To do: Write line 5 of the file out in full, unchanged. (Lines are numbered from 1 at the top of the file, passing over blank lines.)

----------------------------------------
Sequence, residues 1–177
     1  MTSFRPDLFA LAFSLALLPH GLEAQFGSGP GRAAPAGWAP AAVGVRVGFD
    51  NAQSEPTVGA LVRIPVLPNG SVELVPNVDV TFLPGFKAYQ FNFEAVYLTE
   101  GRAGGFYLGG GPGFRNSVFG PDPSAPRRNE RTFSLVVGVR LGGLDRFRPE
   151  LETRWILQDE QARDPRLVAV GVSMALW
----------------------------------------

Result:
   151  LETRWILQDE QARDPRLVAV GVSMALW